uvm_callbacks#(my_comp)::delete(comp_a, cb);

uvm_callbacks#(my_comp, my_callback)::delete(comp_a,cb);

Use of these option are described in following examples: mainly taken out from user guide

virtual task run(); cbs = new;


bd_cb::add_by_name(cb, “top.bfm”);






The uvm_report_catcher is used to catch messages issued by the uvm report server. Catchers are uvm_callbacks(uvm_report_object,uvm_report_catcher) object, so all facilities in the uvm_callback and uvm_callback#(T,CB) classes are available for registering catchers and controlling catcher state. The uvm_callbacks# (uvm_report_object,uvm_report_catcher) class is aliased to uvm_report_cb to make it easier to use. Multiple report catchers can be registered with a report object. The catchers can be registered as default catchers which catch all reports on all uvm_report_object reporters, or catchers can be attached to specific report objects (i.e. components).

User extensions of uvm_report_catcher must implement the catcher method in which the action to be taken on catching the report is specified. The catch method can return CAUGHT, in which case further processing of the report is immediately stopped, or return THROW in which case the (possibly modified) report is passed on to other registered catchers. The catchers are processed in the order in which they are registered.

On catching a report, the catch method can modify the severity, id, action, verbosity or the report string itself before the report is finally issued by the report server. The report can be immediately issued from within the catcher class by calling the issue method.

The catcher maintains a count of all reports with FATAL,ERROR or WARNING severity and a count of all reports with FATAL, ERROR or WARNING severity whose severity was lowered. These statistics are reported in the summary of the uvm_report_server.

This example shows the basic concept of creating a report catching callback and attaching it to all messages that get emitted

mainly taken out from user guide

class my_error_demoter extends uvm_report_catcher; function new(string name="my_error_demoter");; endfunction //This example demotes "MY_ID" errors to an info message function action_e catch(); if(get_severity() == UVM_ERROR && get_id() == "MY_ID") set_severity(UVM_INFO); return THROW; endfunction endclass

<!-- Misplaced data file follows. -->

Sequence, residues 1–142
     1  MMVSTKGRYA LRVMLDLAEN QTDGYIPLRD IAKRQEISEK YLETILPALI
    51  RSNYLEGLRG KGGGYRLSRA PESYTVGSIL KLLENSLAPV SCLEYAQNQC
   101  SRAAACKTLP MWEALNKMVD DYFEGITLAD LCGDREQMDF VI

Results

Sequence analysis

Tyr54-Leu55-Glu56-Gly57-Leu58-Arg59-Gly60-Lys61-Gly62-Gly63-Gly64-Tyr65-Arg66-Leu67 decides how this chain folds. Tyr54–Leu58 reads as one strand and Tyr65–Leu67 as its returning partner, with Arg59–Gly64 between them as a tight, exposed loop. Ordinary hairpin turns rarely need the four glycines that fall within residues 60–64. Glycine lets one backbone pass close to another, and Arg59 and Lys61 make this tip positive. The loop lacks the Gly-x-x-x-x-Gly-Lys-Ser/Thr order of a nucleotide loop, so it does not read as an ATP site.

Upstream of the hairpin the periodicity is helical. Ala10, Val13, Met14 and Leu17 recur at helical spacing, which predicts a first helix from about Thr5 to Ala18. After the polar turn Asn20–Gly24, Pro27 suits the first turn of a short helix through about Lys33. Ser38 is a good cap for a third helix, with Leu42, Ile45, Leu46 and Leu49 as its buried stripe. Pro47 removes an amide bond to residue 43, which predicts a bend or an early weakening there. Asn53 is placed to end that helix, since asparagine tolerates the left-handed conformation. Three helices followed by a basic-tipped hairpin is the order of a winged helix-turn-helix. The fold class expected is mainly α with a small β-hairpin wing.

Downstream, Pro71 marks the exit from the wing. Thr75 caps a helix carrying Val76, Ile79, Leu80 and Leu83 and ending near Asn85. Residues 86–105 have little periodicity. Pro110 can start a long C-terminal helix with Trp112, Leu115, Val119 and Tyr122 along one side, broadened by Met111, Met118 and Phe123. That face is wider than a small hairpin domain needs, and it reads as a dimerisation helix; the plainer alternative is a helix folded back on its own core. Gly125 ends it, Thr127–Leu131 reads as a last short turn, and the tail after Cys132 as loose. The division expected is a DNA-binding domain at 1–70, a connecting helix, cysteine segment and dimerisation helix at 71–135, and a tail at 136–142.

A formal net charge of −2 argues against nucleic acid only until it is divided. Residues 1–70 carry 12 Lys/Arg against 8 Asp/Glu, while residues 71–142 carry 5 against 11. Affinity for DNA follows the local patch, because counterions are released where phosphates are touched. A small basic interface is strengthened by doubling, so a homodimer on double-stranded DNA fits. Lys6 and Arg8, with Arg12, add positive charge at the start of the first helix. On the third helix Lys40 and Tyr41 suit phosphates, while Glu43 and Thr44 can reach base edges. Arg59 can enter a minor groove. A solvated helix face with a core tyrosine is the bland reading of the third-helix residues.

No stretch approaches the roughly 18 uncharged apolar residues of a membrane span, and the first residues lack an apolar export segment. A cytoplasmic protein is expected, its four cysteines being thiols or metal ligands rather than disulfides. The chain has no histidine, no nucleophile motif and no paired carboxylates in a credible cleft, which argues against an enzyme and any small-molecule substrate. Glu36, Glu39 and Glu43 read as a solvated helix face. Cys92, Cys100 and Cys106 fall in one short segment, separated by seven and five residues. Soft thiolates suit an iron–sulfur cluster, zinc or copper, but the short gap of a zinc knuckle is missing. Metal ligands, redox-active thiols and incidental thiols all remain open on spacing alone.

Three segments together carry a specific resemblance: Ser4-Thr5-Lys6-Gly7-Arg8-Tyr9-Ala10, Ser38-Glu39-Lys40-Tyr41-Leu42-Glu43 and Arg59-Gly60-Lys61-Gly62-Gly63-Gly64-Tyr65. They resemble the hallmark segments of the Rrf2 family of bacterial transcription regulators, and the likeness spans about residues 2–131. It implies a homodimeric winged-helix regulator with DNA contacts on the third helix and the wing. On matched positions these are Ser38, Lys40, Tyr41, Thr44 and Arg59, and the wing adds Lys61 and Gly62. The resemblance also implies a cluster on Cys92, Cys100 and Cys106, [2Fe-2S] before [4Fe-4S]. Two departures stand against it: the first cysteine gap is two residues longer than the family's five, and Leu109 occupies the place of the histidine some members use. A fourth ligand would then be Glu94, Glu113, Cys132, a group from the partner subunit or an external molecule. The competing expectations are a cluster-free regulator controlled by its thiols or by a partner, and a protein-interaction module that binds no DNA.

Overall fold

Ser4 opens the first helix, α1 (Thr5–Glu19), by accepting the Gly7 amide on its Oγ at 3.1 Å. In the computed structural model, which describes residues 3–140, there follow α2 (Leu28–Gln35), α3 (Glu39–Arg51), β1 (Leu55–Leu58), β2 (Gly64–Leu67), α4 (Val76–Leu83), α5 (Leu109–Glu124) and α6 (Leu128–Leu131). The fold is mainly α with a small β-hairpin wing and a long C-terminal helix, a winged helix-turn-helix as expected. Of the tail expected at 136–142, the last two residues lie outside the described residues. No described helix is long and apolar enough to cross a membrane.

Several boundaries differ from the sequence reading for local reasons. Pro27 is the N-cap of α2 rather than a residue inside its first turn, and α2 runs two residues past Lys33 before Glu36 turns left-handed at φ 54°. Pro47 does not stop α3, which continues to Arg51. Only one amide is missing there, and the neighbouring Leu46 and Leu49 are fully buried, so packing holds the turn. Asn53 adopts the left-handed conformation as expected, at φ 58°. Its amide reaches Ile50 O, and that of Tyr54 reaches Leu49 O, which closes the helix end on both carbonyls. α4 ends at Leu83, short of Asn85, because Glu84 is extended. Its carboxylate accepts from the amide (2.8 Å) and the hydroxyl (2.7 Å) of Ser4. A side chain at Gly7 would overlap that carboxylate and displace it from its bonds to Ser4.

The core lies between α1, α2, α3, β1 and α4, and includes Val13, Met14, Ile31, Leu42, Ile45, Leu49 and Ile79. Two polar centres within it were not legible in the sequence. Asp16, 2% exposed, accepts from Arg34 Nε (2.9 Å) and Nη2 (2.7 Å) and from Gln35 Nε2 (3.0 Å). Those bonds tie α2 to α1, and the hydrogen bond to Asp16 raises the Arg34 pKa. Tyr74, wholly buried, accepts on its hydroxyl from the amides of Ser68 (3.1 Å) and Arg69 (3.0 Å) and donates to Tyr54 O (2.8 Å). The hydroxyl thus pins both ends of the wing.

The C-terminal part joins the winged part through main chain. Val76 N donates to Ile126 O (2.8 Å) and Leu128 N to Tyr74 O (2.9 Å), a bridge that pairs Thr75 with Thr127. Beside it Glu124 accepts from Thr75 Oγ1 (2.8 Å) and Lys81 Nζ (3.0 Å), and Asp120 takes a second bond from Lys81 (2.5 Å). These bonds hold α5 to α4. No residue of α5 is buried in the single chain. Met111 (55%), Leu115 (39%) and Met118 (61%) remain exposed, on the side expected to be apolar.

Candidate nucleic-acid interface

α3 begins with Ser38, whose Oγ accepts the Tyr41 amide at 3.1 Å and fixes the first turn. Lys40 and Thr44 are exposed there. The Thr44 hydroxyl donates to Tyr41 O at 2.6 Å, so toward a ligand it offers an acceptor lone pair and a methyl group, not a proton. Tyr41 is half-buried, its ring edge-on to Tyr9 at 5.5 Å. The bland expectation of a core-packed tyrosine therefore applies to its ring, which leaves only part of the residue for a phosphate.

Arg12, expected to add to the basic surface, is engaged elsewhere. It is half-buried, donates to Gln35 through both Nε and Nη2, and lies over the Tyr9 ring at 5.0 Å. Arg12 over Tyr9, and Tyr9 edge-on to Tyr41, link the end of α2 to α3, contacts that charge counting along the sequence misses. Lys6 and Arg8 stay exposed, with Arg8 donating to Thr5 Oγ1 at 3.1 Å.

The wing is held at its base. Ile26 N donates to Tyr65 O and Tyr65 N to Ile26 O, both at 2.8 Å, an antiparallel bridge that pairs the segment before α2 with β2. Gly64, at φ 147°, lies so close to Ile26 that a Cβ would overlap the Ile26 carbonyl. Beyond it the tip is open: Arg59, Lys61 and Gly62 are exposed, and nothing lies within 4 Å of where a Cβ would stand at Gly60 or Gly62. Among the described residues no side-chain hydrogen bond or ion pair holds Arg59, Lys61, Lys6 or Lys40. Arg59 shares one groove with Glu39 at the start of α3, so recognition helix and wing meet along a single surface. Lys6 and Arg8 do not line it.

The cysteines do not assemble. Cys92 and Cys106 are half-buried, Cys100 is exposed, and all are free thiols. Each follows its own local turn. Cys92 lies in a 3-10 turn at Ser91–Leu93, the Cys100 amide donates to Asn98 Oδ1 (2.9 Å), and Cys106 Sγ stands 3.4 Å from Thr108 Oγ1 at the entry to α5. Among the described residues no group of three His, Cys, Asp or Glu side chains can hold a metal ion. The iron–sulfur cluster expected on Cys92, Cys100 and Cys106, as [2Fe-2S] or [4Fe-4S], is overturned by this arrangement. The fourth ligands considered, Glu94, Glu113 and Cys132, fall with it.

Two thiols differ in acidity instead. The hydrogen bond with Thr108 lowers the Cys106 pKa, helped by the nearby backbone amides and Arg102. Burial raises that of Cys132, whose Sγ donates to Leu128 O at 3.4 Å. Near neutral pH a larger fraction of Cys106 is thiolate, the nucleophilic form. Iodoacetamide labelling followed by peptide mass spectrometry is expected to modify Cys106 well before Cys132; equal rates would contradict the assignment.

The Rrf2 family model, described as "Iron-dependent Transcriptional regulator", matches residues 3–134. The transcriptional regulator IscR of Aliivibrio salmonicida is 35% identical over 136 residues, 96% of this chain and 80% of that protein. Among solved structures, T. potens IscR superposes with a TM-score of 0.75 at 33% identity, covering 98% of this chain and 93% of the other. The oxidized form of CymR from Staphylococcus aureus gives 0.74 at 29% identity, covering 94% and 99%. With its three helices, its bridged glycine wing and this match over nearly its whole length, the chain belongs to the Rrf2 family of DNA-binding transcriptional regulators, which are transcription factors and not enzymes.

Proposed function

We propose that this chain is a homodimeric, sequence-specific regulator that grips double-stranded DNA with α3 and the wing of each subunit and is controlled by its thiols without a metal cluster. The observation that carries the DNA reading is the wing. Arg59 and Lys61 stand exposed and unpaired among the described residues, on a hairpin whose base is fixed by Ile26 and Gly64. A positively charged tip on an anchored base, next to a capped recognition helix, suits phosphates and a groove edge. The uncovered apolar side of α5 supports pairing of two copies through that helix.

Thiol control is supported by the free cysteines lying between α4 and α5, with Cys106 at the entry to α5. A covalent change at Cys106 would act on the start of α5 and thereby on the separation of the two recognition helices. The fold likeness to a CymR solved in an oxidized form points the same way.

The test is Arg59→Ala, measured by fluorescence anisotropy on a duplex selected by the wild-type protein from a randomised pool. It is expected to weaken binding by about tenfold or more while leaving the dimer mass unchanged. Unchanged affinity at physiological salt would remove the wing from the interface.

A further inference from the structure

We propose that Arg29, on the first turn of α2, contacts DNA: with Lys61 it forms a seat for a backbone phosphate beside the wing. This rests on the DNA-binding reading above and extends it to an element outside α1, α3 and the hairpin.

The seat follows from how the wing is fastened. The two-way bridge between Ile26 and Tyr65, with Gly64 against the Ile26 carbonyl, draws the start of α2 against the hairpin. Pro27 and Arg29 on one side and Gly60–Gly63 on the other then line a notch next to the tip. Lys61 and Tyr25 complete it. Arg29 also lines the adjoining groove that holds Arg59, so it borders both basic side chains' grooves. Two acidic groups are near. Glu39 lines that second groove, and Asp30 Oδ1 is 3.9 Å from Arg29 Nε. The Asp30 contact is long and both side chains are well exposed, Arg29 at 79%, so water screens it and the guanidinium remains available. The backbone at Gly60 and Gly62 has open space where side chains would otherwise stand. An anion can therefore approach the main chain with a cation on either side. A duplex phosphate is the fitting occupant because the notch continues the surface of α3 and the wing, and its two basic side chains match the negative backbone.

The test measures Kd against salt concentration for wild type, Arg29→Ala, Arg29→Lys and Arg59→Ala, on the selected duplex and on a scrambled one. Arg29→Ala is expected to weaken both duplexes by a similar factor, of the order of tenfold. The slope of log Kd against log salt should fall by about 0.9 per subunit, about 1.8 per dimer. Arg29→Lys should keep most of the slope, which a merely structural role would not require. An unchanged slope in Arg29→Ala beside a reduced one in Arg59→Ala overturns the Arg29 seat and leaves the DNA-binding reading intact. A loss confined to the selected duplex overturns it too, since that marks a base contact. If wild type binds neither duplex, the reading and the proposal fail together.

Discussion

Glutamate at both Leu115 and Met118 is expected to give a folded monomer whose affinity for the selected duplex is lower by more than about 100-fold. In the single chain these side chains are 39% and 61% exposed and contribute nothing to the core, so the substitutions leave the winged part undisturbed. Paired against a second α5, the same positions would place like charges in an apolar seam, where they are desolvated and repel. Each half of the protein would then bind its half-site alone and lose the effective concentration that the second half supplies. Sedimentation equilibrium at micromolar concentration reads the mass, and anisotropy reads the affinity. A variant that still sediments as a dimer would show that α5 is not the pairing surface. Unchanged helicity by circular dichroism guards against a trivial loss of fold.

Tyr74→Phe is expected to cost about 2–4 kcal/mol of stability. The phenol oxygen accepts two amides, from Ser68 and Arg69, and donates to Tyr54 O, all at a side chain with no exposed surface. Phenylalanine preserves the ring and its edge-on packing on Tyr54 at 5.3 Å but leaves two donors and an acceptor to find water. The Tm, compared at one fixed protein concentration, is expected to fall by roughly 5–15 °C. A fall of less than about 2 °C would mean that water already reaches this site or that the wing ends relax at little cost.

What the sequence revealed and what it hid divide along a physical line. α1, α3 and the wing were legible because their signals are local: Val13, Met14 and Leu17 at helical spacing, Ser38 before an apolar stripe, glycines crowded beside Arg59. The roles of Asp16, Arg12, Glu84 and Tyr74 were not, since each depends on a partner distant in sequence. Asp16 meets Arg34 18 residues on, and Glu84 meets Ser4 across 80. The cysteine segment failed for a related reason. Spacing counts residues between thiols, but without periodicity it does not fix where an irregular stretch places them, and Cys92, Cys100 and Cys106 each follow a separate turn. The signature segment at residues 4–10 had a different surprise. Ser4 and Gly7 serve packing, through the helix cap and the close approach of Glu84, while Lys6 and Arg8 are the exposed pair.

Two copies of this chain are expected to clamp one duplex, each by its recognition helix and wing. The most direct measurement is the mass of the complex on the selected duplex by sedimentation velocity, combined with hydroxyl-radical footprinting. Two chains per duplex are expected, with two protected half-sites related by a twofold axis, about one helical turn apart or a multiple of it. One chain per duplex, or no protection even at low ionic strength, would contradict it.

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initial begin // Catchers are callbacks on report objects (components are report // objects, so catchers can be attached to components). // To affect all reporters, use null for the object uvm_report_cb::add(null, demoter); // To affect some specific object use the specific reporter uvm_report_cb::add(mytest.myenv.myagent.mydriver, demoter); // To affect some set of components using the component name uvm_report_cb::add_by_name("*.*driver", demoter);


type-callback registration macro:


Registers the given CB callback type with the given T object type. If a type-callback pair is not registered then a warning is issued if an attempt is made to use the pair (add,delete, etc.).

The registration will typically occur in the component that executes the given type of callback. For instance:

virtual class mycb; virtual function void doit(); endclass class my_comp extends uvm_component; `uvm_register_cb(my_comp,mycb)

task run;

`uvm_do_callbacks(my_comp, mycb, doit()) endtask endclass

`uvm_set_super_type macro

Defines the super type of T to be ST. This allows for derived class objects to inherit type wide callbacks that are registered with the base class. The registration will typically occur in the component that executes the given type of callback. For instance:

virtual class mycb; virtual function void doit(); endclass class my_comp extends uvm_component; `uvm_register_cb(my_comp,mycb)

task run;

`uvm_do_callbacks(my_comp, mycb, doit()) endtask endclass class my_derived_comp extends my_comp; `uvm_set_super_type(my_derived_comp,my_comp)

task run;

`uvm_do_callbacks(my_comp, mycb, doit()) endtask endclass